Flow Reversal Using Percutaneous Subclavian Balloon Occlusion In Order To Deploy An Urgent Vertebral Artery Stent
Lauren E. Frye, DO, David J. Minion, MD
University of Kentucky, Lexington, KY
DEMOGRAPHICS: The case involves a 32-year-old male with a R vertebral pseudoaneurysm from a penetrating injury, who presented with a sentinel bleed.
HISTORY: The patient had sustained a penetrating stab wound to his R neck 2 weeks prior and had undergone exploration with ligation of bleeding vessels at an OSH. His initial course was unremarkable other than Horner's Syndrome due to injury to the cervical sympathetic chain. He re-presented with an episode of pulsatile bleeding from the right neck incision. A CTA revealed a 2.5 cm pseudoaneurysm of his right vertebral artery at the entrance of the transverse foramen of C6. Due to this location, distal control for open repair or ligation would have been exceptionally difficult.
PLAN: He was taken to the OR urgently and right brachial and right femoral percutaneous access was obtained. The right subclavian was cannulated antegrade via the femoral access, and a 10 x 20 mm balloon was inflated proximal to the vertebral origin, creating iatrogenic subclavian steal and flow reversal in the right vertebral artery for cerebral protection. The lesion was then crossed from the right brachial access, and a 5 x 2.5 mm self-expanding covered stent was deployed in the right vertebral artery, successfully excluding the pseudoaneurysm.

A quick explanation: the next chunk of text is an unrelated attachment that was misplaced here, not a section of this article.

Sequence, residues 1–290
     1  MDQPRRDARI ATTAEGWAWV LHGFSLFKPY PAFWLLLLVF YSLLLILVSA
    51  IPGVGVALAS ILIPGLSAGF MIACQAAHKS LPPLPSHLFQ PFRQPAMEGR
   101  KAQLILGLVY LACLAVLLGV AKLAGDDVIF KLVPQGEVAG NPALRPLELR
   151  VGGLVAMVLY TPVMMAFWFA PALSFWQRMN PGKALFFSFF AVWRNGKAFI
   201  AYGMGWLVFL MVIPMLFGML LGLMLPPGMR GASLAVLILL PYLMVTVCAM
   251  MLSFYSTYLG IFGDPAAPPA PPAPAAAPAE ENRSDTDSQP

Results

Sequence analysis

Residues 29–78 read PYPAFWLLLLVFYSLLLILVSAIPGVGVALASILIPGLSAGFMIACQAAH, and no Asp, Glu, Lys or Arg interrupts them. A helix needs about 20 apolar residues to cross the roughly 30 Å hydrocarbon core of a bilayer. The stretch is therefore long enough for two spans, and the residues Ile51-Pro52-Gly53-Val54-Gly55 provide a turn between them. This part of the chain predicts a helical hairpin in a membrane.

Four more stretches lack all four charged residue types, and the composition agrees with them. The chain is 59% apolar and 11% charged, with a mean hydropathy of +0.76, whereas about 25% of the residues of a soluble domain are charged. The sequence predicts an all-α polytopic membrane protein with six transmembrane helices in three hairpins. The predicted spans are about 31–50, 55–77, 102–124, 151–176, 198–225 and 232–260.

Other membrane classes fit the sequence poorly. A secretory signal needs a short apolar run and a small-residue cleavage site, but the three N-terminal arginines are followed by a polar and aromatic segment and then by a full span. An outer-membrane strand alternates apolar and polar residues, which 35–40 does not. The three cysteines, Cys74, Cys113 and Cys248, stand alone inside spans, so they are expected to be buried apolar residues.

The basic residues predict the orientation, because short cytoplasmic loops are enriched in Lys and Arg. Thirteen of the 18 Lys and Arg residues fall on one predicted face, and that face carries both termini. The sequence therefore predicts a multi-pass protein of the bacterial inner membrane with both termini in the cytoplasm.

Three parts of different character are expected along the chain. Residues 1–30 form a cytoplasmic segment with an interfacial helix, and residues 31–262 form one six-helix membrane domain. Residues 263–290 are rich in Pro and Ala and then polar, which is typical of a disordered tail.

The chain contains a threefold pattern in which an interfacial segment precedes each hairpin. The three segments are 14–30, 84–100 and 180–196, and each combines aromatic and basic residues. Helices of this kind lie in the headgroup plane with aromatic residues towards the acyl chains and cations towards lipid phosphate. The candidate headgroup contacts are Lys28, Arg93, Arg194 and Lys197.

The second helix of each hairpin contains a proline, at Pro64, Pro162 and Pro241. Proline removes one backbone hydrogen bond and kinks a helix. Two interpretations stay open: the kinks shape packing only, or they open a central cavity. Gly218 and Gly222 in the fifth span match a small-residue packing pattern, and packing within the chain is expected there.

DISCUSSION: Flow reversal is an increasingly popular method for cerebral protection in carotid interventions, often requiring adjuvant cutdown and/or relatively sophisticated devices to achieve. In this case, we took advantage of the dual access routes to the vertebral artery to simplify the process. The use of antegrade subclavian balloon occlusion for flow reversal did not significantly add time to the procedure and allowed for safe deployment of the stent under cerebral protection from retrograde brachial access. We believe this is the first description of this technique.
Back to 2021 Abstracts